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Why are so many homers being hit this year?

Philadelphia Phillies v Minnesota Twins

MINNEAPOLIS, MN - JUNE 21: Brian Dozier #2 of the Minnesota Twins hits an RBI single against the Philadelphia Phillies during the first inning of the game on June 21, 2016 at Target Field in Minneapolis, Minnesota. The Twins defeated the Phillies 14-10. (Photo by Hannah Foslien/Getty Images)

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Way back in June we were talking about how home runs were on pace to match that of the record-setting year for dingers: 2000. Since then the homers have kept flying and the record pace has continued: at the moment, teams are hitting 1.17 home runs per team, per game.

Benjamin Hoffman of the New York Times takes a look at that and tries to figure out why. The ultimate conclusion of the article is “well, who knows?” but given the column inches and primacy devoted to the possible causes, it seems like he’s favoring PEDs as the most likely culprit:

One possibility is that players have continued to skirt antidoping protocols, despite the league’s efforts to strengthen them in recent years. (None of the current players cited above, except for Ortiz, has been linked to performance-enhancing drugs.)

As demonstrated in many Olympic sports, which generally have the most stringent antidoping programs, athletes are often undeterred by drug-testing programs. They adapt to new protocols and find ways around them, like computer hackers evading antivirus programs.

He also talks about speculation, unconfirmed at this point, that the ball is juiced. He likewise talks to players who tend to believe that it’s the swing-for-the-fences approach taken by hitters these days, paired with hard-throwing pitchers who have come to believe that they can throw their heat by anyone.

I’m skeptical of the PED-as-culprit explanation. The home run “spike” is not a spike as much as it is a broad-based rise. As Hoffman notes, there are no real individual outliers -- no 50-homer dudes -- but, rather, just a ton of guys who are hitting a few more homers than they did before. Even at the height of the PED-era it was not thought that everyone was juicing. Indeed, the most pessimistic assumptions said that maybe half of the hitters were. Baseball’s drug testing regime in place now is certainly not perfect, but if there was a new PED epidemic now, as opposed to just the usual handful of cheaters, I feel like we’d notice it and I feel like we’d see at least some freakish outlier individual home run totals.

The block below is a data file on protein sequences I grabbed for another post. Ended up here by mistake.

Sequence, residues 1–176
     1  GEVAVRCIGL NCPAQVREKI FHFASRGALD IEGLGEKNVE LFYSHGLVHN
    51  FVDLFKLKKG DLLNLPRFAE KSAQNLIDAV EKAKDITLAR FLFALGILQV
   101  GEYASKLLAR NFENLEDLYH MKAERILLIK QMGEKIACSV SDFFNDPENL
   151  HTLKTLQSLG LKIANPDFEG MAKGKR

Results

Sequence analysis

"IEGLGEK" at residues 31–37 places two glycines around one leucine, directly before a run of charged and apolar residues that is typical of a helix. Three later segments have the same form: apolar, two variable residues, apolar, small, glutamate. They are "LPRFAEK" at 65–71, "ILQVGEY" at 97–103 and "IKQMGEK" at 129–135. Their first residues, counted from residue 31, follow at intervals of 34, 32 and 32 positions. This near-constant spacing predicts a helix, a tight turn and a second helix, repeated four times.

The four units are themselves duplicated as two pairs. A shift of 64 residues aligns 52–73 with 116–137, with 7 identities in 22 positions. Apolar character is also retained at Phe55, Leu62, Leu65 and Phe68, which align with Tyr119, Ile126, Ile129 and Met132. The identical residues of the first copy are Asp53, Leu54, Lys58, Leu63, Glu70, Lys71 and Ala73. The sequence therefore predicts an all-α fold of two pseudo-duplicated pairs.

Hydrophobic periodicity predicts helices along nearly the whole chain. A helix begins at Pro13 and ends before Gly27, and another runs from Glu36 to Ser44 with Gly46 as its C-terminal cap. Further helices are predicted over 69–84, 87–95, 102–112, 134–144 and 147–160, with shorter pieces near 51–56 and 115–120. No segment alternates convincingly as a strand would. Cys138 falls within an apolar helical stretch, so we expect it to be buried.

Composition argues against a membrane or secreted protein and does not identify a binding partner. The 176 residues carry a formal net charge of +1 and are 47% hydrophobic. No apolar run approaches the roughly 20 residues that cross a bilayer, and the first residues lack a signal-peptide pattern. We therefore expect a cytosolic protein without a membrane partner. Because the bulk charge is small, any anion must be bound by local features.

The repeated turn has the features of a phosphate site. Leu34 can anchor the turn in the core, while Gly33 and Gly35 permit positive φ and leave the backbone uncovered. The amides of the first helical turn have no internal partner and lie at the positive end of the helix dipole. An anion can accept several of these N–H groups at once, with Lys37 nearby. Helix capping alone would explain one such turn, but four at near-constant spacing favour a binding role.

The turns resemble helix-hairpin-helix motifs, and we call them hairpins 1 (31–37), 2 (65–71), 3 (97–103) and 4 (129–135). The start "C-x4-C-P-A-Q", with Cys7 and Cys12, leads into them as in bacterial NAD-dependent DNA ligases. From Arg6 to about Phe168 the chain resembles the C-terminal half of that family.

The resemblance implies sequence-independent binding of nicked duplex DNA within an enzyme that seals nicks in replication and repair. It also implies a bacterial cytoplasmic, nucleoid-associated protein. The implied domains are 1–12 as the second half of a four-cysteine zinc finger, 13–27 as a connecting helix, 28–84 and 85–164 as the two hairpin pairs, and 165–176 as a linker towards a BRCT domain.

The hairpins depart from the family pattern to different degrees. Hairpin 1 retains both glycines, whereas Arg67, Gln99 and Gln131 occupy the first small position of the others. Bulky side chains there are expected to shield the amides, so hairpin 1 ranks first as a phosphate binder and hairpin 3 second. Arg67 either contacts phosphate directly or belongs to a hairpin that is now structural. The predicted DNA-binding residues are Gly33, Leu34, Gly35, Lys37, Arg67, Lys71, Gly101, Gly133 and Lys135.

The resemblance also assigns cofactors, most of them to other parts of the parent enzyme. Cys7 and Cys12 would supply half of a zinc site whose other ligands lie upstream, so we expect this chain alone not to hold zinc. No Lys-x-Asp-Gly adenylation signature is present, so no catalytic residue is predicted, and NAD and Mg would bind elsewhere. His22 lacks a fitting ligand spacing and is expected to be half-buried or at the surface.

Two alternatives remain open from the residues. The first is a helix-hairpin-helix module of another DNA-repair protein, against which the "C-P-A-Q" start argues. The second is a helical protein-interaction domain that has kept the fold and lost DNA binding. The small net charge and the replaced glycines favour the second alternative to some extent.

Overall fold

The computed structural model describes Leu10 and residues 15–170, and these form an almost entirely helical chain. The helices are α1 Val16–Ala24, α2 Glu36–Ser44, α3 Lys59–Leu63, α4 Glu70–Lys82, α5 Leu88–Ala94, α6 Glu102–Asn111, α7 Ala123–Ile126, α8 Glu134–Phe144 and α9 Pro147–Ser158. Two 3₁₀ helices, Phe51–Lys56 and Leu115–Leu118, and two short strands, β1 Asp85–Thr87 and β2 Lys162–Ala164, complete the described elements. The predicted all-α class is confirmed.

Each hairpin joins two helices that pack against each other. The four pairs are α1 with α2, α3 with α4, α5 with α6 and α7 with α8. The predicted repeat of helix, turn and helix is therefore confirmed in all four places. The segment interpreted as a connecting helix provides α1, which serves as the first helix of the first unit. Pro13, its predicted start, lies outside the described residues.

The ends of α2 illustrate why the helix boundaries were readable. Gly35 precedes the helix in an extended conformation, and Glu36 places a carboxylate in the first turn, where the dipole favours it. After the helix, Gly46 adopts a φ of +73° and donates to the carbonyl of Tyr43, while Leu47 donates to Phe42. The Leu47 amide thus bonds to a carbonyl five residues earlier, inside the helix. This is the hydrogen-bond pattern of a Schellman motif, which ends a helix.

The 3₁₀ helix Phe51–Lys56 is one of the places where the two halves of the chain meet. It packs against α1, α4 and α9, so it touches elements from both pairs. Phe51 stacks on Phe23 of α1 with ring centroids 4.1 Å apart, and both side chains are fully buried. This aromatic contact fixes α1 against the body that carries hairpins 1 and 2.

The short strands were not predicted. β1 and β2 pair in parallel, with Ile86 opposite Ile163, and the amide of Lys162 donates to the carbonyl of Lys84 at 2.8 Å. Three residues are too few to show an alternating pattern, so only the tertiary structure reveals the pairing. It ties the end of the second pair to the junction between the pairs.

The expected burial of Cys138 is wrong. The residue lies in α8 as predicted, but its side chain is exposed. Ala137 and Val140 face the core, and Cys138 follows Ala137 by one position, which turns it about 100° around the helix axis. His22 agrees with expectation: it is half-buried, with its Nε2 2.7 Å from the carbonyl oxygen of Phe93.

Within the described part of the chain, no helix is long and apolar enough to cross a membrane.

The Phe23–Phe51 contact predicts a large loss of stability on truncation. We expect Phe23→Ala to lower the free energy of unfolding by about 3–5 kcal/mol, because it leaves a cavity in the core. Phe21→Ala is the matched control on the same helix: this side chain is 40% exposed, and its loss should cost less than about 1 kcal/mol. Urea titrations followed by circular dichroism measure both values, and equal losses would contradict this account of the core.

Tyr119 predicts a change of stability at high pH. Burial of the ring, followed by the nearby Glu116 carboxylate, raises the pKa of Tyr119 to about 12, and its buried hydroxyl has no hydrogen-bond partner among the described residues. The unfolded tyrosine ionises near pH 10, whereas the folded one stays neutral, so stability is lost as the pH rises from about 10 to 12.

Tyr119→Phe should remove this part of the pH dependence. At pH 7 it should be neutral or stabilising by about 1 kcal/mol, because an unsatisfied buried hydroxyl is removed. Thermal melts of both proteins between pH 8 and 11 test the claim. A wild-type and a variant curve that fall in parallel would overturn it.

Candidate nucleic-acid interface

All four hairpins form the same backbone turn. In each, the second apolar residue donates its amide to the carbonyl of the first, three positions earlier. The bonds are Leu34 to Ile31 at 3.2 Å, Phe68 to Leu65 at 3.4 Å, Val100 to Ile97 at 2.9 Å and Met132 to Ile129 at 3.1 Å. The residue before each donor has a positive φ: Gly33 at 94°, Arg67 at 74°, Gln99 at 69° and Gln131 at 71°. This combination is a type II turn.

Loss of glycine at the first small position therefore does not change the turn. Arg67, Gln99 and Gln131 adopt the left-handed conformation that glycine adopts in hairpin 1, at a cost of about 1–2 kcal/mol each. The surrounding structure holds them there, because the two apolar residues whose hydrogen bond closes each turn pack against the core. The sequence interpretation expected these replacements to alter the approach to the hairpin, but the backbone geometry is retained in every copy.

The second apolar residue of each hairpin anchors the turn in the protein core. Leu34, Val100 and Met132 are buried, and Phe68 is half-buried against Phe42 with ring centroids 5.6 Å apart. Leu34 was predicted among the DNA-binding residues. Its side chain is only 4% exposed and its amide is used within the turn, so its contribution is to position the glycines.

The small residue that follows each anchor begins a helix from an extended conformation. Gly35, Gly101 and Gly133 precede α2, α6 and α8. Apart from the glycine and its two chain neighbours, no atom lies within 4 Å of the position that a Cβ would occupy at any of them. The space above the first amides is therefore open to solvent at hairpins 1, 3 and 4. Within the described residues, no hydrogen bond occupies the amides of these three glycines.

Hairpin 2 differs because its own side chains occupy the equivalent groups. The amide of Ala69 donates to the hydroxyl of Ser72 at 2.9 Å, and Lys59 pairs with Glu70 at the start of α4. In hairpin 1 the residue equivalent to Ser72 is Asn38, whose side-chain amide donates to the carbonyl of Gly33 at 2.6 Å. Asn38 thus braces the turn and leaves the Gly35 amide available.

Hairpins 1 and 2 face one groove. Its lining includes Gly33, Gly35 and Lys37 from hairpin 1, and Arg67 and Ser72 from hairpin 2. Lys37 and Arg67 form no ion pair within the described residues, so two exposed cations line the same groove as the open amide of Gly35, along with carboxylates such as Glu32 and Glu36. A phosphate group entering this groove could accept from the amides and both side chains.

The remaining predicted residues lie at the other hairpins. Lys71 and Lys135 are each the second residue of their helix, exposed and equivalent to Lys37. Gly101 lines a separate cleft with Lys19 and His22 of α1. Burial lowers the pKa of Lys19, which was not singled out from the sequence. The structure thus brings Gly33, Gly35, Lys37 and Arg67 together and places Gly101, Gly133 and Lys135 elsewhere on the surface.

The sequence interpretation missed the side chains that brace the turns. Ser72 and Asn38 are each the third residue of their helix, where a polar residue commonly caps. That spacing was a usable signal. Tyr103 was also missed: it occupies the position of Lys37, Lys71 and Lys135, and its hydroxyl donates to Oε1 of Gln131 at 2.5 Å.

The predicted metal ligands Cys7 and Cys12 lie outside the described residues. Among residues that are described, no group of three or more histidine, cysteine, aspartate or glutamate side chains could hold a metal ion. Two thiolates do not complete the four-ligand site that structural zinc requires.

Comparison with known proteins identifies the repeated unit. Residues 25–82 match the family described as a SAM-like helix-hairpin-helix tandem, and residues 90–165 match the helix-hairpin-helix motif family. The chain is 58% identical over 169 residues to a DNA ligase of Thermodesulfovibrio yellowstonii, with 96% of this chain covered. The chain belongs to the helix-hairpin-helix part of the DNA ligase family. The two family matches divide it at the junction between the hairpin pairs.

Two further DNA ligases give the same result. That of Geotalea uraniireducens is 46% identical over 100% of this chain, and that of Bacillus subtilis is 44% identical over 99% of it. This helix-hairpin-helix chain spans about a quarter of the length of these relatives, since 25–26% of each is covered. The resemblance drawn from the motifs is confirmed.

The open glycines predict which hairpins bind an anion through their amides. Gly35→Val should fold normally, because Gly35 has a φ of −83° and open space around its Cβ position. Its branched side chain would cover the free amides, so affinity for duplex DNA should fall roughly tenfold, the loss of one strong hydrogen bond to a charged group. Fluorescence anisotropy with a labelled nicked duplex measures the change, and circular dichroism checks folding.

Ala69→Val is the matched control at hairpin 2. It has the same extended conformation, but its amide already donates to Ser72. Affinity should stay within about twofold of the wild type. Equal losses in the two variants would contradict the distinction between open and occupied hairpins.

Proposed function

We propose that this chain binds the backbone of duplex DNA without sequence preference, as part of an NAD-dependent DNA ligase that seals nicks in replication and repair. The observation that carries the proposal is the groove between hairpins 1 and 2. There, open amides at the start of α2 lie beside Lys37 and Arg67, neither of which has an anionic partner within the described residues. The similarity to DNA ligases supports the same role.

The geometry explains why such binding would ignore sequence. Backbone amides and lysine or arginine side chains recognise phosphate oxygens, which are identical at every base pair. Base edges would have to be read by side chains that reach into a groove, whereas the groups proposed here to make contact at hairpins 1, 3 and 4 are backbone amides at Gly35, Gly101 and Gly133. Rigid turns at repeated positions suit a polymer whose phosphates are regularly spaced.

I think the juiced ball explanation has more going for it than the PED thing. Not everything going for it, obviously -- no one has been able to verify that the ball is juiced via testing or observation -- but the homer surge in 2016 sure looks a lot like it did in 1987, which many suspect was due to a juiced ball. While no one has determined that the balls are made with different materials, it doesn’t take radical, easily observable changes to change a ball’s flight characteristics. Even subtle changes in the manner in which balls are stored can make a ball fly a few extra feet and a few extra feet are the difference between an F-7 and a homer.

Ultimately, though, I think about this the same way I viewed the offensive surge of the 1990s-2000s and, for that matter, almost any notable change in a given phenomenon: the product of a combination of factors.

Everyone wanted to blame Jose Canseco and a bunch of needles for offensive levels going crazy from 1993-on, but few wanted to acknowledge that smaller ballparks with shorter porches and radically decreased foul territory came online then too. People didn’t want to note how the strike zone had shrunk, at least for guys not named Glavine and Maddux. People talked a lot about “Moneyball” and take-and-rake approaches and a preference for all-offense, no-defense players in their own right, but they rarely paired those observations up with the offensive surge. Rather, it was “the offense is all about steroids!” in one conversation and “Moneyball is ruining baseball!” in a separate conversation. In reality, though, it was all of a piece.

Just watching baseball today it’s clear that guys are sitting dead red more and swinging for the fences. A lot of this likely has to do with the surge in pitchers’ velocity over the years. If guys are routinely throwing 97, you can either (a) try to guess when he’s going to back off to a changeup; or (b) assume 97 is coming and do everything you can to mash it. I suspect (b) is a bit easier to do and that results in more homers and more strikeouts. When you add that to some possible minor changes in PED use or the composition of the ball and then acknowledge that, well, sometimes stuff just happens, 2016’s home run rates likely have many contributors, even if we can’t do an accurate accounting.

It’s always tempting to look for a single explanation for a given event. Most of the time there are multiple factors at play.

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